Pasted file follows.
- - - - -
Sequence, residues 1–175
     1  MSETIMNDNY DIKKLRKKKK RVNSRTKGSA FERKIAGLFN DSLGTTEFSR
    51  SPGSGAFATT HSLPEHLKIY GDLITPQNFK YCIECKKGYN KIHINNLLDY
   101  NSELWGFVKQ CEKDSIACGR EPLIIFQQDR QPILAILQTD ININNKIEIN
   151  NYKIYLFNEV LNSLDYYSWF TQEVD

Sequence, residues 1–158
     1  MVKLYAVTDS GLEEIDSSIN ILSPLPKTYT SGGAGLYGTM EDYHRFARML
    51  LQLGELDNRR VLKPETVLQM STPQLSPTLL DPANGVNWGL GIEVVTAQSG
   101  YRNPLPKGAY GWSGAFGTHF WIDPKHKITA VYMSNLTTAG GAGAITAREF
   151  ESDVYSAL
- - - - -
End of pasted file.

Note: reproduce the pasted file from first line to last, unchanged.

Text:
Sequence, residues 1–175
     1  MSETIMNDNY DIKKLRKKKK RVNSRTKGSA FERKIAGLFN DSLGTTEFSR
    51  SPGSGAFATT HSLPEHLKIY GDLITPQNFK YCIECKKGYN KIHINNLLDY
   101  NSELWGFVKQ CEKDSIACGR EPLIIFQQDR QPILAILQTD ININNKIEIN
   151  NYKIYLFNEV LNSLDYYSWF TQEVD

Sequence, residues 1–158
     1  MVKLYAVTDS GLEEIDSSIN ILSPLPKTYT SGGAGLYGTM EDYHRFARML
    51  LQLGELDNRR VLKPETVLQM STPQLSPTLL DPANGVNWGL GIEVVTAQSG
   101  YRNPLPKGAY GWSGAFGTHF WIDPKHKITA VYMSNLTTAG GAGAITAREF
   151  ESDVYSAL